May 02, 2013For anyone paying attention, there is a new method gaining ground in planning cities. Often called "new urbanism," it's actually a throwback to older, simpler times. Smaller streets, more walking, less car-centric planning.
While there is certainly a charm associated with such planning, for Chuck Marohn, a Minnesota blogger and engineer, there is also a financial reason to build them.
Marohn spoke April 25 at the monthly meeting of Roswell NEXT, a civic and social group in Roswell. His message was simple – the way we've been building cities for the past 60 years is bankrupting the nation.
That's quite a claim.
Using simple examples from his hometown of Brainard, Minn., Marohn picked two lots of the same size on the same street. One has an aging, run down development of small shops close to the side of the road – there are pawn shops and other not-so-friendly stores. In the other lot is a brand new fast food restaurant, complete with little strips of greenspace and sidewalk.
Now, choose which lot is more profitable to the city? According to Marohn, it's the run down lot.
Strictly going by property value, those shops turn more money over to the city than the fast food restaurant.
Getting bigger, the same examples were given for a large big box store and out parcels compared to old downtown Brainard, with city blocks and dilapidated buildings. He said it's exactly the same – the big box store is worth less than the junky part of town.
Part of the reason is property value, but also, what happens in 10 years when that big box store either moves on or shuts down? The whole property is dead. There is hardly a market for empty boxes.
For the downtown – with so many little shops, if one goes under, there are still dozens more to balance it out.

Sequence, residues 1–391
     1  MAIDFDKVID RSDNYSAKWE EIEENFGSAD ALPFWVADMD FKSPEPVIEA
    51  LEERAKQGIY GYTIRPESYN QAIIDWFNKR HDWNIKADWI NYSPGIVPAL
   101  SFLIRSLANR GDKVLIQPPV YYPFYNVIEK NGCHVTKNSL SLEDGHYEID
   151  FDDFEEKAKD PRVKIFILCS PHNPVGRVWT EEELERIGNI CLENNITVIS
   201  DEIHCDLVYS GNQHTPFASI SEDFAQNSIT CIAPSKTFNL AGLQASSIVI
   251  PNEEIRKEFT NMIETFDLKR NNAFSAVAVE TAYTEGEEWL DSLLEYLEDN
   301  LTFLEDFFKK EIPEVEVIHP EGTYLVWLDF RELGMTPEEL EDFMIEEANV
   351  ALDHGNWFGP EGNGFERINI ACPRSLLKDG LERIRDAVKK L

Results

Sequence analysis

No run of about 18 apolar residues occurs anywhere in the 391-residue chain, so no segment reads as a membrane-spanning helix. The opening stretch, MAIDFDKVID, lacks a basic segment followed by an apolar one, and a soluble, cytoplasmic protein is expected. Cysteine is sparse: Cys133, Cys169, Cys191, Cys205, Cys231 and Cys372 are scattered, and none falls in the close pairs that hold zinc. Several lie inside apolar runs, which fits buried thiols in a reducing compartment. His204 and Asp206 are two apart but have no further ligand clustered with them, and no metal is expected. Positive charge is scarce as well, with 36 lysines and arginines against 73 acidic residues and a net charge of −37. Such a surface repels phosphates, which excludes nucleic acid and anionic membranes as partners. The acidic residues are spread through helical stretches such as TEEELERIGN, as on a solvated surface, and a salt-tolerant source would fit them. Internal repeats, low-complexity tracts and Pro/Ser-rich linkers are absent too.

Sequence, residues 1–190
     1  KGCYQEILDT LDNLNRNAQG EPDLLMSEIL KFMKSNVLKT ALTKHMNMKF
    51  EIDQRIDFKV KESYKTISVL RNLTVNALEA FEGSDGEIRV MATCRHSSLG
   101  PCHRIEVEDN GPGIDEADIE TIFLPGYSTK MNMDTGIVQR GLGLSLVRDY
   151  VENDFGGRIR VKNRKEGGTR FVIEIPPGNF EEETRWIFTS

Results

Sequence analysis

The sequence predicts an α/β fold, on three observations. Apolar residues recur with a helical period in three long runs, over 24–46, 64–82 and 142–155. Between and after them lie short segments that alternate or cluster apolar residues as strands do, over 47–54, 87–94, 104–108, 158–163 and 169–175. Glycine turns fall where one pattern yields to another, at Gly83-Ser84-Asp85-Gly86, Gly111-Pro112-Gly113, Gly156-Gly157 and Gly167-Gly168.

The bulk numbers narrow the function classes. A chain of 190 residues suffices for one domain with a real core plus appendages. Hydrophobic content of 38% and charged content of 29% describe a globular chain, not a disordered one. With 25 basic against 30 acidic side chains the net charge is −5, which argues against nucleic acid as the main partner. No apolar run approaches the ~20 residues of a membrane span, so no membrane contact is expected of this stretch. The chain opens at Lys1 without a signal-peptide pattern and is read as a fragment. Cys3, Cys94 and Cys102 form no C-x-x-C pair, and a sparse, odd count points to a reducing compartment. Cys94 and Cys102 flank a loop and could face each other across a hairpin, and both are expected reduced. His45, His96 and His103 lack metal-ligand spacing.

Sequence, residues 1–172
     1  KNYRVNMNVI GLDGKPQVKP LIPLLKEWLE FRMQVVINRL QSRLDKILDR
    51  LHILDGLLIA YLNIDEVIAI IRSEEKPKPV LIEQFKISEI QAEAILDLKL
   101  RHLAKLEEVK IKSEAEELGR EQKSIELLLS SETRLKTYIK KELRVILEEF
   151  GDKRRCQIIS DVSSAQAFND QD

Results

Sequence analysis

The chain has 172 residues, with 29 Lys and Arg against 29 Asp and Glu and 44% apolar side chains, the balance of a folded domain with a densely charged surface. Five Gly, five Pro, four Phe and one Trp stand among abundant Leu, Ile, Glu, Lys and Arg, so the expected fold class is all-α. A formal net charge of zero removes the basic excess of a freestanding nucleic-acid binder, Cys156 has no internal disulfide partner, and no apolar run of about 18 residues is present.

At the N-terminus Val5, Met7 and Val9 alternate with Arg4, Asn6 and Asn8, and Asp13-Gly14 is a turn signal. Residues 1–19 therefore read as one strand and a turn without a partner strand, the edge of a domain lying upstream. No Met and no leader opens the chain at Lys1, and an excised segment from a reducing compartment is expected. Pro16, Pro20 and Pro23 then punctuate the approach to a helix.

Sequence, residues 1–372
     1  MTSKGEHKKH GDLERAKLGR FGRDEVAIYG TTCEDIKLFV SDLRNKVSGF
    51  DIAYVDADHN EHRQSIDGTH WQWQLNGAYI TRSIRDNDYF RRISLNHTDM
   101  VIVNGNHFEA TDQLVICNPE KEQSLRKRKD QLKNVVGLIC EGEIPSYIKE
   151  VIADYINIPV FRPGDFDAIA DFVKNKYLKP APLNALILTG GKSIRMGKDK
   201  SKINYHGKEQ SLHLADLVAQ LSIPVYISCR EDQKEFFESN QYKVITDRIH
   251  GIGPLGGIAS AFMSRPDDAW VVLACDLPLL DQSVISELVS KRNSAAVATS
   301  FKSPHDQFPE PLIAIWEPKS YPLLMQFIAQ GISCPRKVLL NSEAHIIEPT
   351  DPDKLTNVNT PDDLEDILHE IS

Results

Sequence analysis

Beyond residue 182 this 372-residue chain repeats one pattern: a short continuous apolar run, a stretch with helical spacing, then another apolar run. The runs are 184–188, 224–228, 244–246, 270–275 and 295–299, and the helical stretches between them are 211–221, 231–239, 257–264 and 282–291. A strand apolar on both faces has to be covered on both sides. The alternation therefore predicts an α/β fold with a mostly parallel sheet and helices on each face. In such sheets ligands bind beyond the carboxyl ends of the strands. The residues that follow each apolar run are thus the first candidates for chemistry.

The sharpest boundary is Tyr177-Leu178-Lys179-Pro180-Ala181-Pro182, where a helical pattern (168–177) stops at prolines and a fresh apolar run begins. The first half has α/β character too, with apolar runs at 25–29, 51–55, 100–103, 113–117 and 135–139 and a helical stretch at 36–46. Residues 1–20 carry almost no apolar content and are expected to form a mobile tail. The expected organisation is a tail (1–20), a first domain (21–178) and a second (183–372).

The point, Marohn says, is cities have been funding or subsidizing projects such as the big box store or the fast food place for decades, seeing them as more profitable. Oftentimes they are a drain on the city, especially if it has to pay for sewer and roads to entice them. That's a long-term responsibility.
In Roswell's case, look no further than Canton Street. Lots of small shops with plenty of walking space. As soon as one shop closes its doors, another immediately takes its place. In a typical strip mall, can the same be said? Look at the comparable property values of one Canton Street property and a strip mall.
Marohn was sounding an alarm for governments. With less-than-prime building going on and the recent economic shakeup, local governments are beginning to feel a pinch in their wallets as years of poor planning are catching up with them.
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Things need to change and cities need to look closer at what the actual, long-term costs of development might be.
Sometimes, it can be as simple as adding a new lick of paint to give an aging city block the impetus it needs to start turning itself around.
I'm no economist or engineer, but Marohn's lecture was fascinating in many ways. If you missed it, you missed out on some interesting material. Check out Marohn's website, www.strongtowns.org, for a more in depth look at this trend.
Editor, Milton Herald